Firstly, my PhD supervisor Prof Anjali Anoop Karande, her soothing smile and encouraging nature was a matchless source of energy and wisdom. She possessed the grace to handle students from diverse cultural backgrounds and supported young people by providing necessary scaffolding until they reach their goals. My doctoral studies involved interdisciplinary collaborative studies of the structure-function relationship of the deadly toxins of the Indian licorice plant Abrus precatorius. For the first time in literature, I generated and demonstrated neutralising potential of monoclonal antibody D6F10 against Abrin, one of the most potent toxins found in nature. My research work was published in internationally reputed journals and as a monograph by Lambert academic publishing company in Germany. I have been so fortunate to have an amazing bunch as batchmates of 2001, who lift each other up through the hard times, which continues till date.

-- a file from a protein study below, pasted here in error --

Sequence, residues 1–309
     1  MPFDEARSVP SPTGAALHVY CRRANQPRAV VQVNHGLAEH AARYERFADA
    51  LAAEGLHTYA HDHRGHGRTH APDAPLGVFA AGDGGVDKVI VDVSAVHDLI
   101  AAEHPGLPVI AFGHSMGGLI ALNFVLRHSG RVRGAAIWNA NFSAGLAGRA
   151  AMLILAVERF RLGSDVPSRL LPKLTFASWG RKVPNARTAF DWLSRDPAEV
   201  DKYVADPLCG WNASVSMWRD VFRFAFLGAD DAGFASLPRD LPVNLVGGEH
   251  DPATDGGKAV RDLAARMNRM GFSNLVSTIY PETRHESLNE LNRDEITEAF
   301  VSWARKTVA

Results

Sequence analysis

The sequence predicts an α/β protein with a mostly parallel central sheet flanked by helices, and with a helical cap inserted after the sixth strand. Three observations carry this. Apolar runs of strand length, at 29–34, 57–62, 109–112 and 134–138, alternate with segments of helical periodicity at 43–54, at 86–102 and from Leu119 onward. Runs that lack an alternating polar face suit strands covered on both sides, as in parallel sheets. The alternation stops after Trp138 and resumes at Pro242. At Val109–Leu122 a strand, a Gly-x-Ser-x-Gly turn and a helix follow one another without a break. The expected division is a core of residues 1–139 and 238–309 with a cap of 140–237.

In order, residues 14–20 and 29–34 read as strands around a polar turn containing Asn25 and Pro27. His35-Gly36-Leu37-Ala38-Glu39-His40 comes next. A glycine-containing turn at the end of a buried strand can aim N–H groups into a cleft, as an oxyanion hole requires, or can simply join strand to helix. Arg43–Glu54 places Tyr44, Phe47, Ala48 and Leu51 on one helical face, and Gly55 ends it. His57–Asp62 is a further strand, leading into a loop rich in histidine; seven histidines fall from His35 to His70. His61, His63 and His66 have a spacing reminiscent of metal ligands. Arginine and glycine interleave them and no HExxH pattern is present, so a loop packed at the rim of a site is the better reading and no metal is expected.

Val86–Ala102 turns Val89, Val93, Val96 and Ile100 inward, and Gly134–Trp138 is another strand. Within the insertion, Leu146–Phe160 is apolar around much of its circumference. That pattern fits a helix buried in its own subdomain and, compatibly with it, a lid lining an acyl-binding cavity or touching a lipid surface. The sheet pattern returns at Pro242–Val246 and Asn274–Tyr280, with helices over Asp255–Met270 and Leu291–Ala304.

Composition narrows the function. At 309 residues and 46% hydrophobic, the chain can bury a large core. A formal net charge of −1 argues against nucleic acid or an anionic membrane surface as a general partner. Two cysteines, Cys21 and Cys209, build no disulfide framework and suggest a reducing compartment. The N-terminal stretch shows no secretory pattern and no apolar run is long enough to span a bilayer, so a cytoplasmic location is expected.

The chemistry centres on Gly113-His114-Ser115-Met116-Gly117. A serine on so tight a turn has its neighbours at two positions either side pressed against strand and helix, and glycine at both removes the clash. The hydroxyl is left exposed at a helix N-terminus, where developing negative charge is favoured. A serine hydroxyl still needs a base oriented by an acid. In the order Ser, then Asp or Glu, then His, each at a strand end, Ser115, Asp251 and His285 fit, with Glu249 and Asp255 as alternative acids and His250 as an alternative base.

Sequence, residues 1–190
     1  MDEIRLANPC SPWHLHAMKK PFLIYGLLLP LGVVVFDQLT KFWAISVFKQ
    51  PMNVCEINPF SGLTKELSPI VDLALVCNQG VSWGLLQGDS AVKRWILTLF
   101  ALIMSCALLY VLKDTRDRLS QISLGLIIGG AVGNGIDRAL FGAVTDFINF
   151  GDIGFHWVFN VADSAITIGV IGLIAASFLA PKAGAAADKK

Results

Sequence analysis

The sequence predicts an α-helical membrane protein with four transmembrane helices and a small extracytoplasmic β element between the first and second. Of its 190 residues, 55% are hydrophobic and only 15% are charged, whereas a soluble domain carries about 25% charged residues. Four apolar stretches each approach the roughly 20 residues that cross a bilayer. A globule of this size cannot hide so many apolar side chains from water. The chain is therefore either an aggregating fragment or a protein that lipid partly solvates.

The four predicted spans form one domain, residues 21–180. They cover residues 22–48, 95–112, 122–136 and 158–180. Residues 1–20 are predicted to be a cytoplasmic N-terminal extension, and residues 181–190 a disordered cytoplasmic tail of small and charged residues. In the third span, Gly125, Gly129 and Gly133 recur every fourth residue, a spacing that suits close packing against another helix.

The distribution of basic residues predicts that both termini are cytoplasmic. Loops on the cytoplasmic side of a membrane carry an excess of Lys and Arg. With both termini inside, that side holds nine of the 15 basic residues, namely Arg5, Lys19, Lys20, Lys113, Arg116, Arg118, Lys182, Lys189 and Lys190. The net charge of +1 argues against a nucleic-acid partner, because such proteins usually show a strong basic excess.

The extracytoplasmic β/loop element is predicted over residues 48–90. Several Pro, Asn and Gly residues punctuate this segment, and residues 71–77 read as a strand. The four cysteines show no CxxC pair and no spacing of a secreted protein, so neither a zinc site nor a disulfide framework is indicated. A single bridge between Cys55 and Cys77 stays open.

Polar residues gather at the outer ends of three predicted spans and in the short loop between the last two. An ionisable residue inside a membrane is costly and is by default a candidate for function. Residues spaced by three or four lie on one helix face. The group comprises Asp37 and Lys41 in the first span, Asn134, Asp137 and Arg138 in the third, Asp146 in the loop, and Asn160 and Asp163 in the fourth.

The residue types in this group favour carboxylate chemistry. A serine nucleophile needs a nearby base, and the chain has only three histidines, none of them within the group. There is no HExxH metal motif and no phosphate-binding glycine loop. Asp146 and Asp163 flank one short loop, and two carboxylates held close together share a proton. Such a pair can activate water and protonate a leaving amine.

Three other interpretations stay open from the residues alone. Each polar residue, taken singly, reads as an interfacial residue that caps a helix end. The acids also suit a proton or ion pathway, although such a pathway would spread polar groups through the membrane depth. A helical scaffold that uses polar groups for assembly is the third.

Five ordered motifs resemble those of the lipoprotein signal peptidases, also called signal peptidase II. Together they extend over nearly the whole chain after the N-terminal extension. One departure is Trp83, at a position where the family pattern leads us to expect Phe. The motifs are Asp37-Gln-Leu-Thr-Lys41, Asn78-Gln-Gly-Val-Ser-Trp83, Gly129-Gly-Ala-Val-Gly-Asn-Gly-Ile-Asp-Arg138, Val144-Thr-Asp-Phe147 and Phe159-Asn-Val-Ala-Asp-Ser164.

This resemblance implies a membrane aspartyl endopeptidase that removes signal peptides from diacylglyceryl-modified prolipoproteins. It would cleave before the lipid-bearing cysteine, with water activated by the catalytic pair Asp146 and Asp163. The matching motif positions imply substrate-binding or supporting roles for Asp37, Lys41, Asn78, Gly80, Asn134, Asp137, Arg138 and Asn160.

Topics like agrobacterium, recombinant DNA technology, cell cycle, protein sorting and degradation, arms of the immune system, DNA damage response and drug discovery, taught during the research training program by seasoned experts from different departments of Biological Sciences, instilled special interests in certain areas which had significantly influenced my career path as a researcher. The multitude of opportunities to hone graduate attributes were surplus, including weekly lab meetings (special thanks to Prof Savithri for the constant support), cross-group data presentations, seminars, colloquia and the list is endless. In a nut shell, surrounded by world-class, brilliant and hard-working researchers, I would describe my time at BC as intense, liberating, challenging and fun. I was pushed to be better at all stages and together with the unique life experiences, my stay at IISC has been truly transformative.